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Why intentional packing will probably change your life

In surfing, glassy describes perfect conditions; when there’s no wind or chop, and instead the surface of the water—waves and all—is smooth as glass. It’s easy, it’s effortless, it’s ideal.

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At The Glassy, we want all travel to be that way. We want you to be able to feel your best, no matter where you go. We want you to be able to keep up your habits (whether you can’t start your day without a smoothie or get anxious if you haven’t logged your miles) and not have to stress about it. We want you to be able to explore, adventure, discover—or just chill—without worry.

It’s intentional travel, made easier. And from hyper-curated wellness city guides to long-read essays from some of the best writers around, we’ll be with you every step of the way.

Consider The Glassy your dream travel companion, no extra luggage necessary.

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Pack & Prep

How to pack like a doctor


Because getting sick on vacation suuucks.

by Rebecca Willa Davis | 10.19.2018

Growing up, Elizabeth Trattner was a bit obsessed with Eloise—the illustrated girl who called a hotel her home. “I wanted to live at the Plaza,” she explains. “Now I get to take my love of travel and Eloise and really help people have a better time when they travel, which is a lovely way of bringing everything together.”

As an integrative medicine expert, Dr. Trattner works with clients dealing with everything from digestive woes to severe allergies—the types of things that are hard enough to control at home, never mind when they’re on the road.

“An ounce of prevention is worth a pound of cure.”

Her number one piece of advice for staying healthy when you’re going on a trip? “An ounce of prevention is worth a pound of cure,” she says. “Lots of countries have great pharmacies, like Mexico, but take [important medications] with you. The worst case scenario? You bring them back home.”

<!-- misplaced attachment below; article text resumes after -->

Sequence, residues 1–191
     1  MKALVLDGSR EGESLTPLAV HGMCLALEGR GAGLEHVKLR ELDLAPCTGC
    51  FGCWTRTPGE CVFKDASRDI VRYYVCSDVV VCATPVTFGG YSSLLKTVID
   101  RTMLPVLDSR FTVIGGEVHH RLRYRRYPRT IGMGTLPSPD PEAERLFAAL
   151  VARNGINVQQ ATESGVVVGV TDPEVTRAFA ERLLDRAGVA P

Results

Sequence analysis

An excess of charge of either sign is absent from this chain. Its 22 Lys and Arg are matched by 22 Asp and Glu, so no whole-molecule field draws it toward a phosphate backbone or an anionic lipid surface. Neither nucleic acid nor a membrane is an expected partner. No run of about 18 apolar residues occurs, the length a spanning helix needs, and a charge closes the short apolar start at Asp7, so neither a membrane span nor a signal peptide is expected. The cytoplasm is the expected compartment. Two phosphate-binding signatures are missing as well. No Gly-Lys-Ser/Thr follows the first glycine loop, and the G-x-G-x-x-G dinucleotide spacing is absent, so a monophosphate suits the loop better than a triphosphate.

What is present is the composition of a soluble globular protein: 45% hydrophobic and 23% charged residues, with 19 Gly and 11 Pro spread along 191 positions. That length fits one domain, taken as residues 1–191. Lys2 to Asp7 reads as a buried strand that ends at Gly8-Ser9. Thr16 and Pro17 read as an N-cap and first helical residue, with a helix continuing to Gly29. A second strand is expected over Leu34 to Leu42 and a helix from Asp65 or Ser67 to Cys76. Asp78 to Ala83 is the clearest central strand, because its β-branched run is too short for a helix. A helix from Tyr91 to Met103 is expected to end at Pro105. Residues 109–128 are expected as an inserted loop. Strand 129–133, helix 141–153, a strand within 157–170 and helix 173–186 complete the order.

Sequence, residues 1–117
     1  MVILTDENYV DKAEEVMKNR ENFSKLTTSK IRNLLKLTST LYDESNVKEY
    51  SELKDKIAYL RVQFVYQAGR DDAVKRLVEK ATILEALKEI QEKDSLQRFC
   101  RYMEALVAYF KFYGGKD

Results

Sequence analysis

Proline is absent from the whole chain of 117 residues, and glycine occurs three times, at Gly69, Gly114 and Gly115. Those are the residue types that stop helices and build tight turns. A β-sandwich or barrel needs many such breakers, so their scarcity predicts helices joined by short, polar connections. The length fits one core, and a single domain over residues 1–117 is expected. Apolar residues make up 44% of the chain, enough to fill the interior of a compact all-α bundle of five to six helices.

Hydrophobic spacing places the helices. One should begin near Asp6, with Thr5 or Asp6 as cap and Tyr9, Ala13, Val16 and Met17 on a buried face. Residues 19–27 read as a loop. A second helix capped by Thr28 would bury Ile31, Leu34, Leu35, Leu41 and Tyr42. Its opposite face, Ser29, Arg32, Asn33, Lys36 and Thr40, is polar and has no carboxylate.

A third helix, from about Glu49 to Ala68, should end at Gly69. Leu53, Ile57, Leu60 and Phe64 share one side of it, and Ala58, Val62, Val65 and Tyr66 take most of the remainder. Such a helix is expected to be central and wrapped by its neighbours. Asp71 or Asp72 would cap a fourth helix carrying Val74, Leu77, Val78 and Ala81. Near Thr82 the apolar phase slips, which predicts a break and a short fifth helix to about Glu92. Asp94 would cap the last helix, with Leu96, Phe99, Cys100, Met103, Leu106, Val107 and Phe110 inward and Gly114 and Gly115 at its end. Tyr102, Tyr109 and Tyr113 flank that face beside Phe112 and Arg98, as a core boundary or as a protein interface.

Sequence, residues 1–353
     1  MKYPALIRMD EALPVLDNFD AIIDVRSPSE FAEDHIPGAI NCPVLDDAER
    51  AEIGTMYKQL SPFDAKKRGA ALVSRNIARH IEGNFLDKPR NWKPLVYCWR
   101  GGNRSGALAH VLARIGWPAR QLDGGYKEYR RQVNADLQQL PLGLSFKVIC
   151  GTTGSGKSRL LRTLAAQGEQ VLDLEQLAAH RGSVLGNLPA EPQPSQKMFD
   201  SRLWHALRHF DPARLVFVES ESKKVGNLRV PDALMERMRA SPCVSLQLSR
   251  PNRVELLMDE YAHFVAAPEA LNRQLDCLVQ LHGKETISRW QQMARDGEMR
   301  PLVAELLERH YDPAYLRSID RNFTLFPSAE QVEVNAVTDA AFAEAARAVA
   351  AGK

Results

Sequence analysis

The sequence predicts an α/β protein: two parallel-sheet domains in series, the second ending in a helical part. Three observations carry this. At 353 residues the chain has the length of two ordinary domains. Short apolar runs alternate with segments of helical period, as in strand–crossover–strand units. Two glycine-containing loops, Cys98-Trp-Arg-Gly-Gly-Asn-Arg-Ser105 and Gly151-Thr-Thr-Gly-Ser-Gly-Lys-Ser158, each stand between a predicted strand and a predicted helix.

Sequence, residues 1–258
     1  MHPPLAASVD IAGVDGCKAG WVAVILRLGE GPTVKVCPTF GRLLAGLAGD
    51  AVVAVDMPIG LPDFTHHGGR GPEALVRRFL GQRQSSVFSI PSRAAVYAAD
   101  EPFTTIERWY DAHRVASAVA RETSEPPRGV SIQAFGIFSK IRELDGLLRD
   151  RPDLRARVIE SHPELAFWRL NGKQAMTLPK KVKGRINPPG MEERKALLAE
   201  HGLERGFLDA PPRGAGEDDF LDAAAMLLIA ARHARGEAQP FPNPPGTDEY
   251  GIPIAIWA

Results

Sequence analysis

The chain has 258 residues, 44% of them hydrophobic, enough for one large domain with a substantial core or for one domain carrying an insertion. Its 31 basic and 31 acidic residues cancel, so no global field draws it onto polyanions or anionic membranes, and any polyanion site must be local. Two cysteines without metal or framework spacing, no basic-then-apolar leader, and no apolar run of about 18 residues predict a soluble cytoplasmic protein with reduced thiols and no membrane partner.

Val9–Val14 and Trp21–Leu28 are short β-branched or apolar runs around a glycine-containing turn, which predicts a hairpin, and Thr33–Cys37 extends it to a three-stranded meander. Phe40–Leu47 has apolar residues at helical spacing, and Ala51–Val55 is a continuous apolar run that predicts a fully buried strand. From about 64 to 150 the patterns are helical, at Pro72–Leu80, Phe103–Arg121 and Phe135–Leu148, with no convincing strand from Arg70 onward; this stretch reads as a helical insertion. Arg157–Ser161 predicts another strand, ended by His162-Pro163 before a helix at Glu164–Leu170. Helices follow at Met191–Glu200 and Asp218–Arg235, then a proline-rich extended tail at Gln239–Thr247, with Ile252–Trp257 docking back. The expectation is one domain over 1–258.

Needless to say, a well-stocked bag plays a big part in preparing for the worst. Or, in her case, a well-stocked Ziploc bag filled with the essential meds. “I’ll take everything out of their boxes and pack them up,” Dr. Trattner says. “Once every three months, I’ll change the bag out and put new things in it. It’s like I’m running a mini hospital.”

Here’s how to pack like an integrative medicine pro on your next trip.

What medicine to pack when you travel

Dr. Trattner’s travel kit

Over-the-counter meds

“Get scripts for things like flagyl and antibiotics and all that other stuff. Even Zofran, in case you’re vomiting. You pack one little guy and just pray you don’t have to use it. Don’t put your stuff in your suitcase, however—carry it on. Because [if your checked bag gets lost] it’s a lot harder to find a doctor than to just take these things. And then make sure you have a prescription from your doctor or a doctor’s note with you.”

Off-the-shelf meds

“I always pack cough drops, something for diarrhea, decongestants, baby Benadryl, band-aids. You just never know what to expect, and it’s harder to get [this stuff] overseas or in an emergency.”

Hydration tablets

“I always pack them. When I’m on an airplane, they’re really easy to crack in half and throw in a bottle; when I’m in the air I’ll have a hydration tablet every two hours. If you get diarrhea, you’ll be sick as a dog and dehydrated. Goes without saying that it works for hangovers, too. I like Nuun, but it can be Emergen-C…. I don’t care what it is, just always take it with you!”

Collagen peptides

“I usually travel with collagen peptides, because sometimes proteins can be really questionable. I mix collagen peptides, green powder, and apple juice and throw it back on the airplane.”

Ginger candies

“Ginger is the most harmonizing herb. It’s good for gas, bloating, stomach aches, sea sickness, or if you have a sore throat. So I’ll pack ginger candies.”

A scarf

“Scarves are really important when you travel. I don’t care how dumb I look, I take a big scarf and wrap it around my head on the airplane so it’s over my mouth and nose—you’re more likely to get a sore throat when your respiratory passages dry out. You can touch buttons on the elevator or open everything with it. You can put it over your mouth when you sleep, if there are bugs. If you have a bad back, roll it up and use it as a lumber support. ”

Tea

“[I’ll pack] a variety of teas for the plane. [I prefer] green and mint, which is good for digestion and overeating.”

Crystals

“Just in case you have a meltdown. I personally prefer pink opals, kunzite, spirit quartz, citrine, and a black stone—preferably tourmaline. These are my personal favorites right now.”

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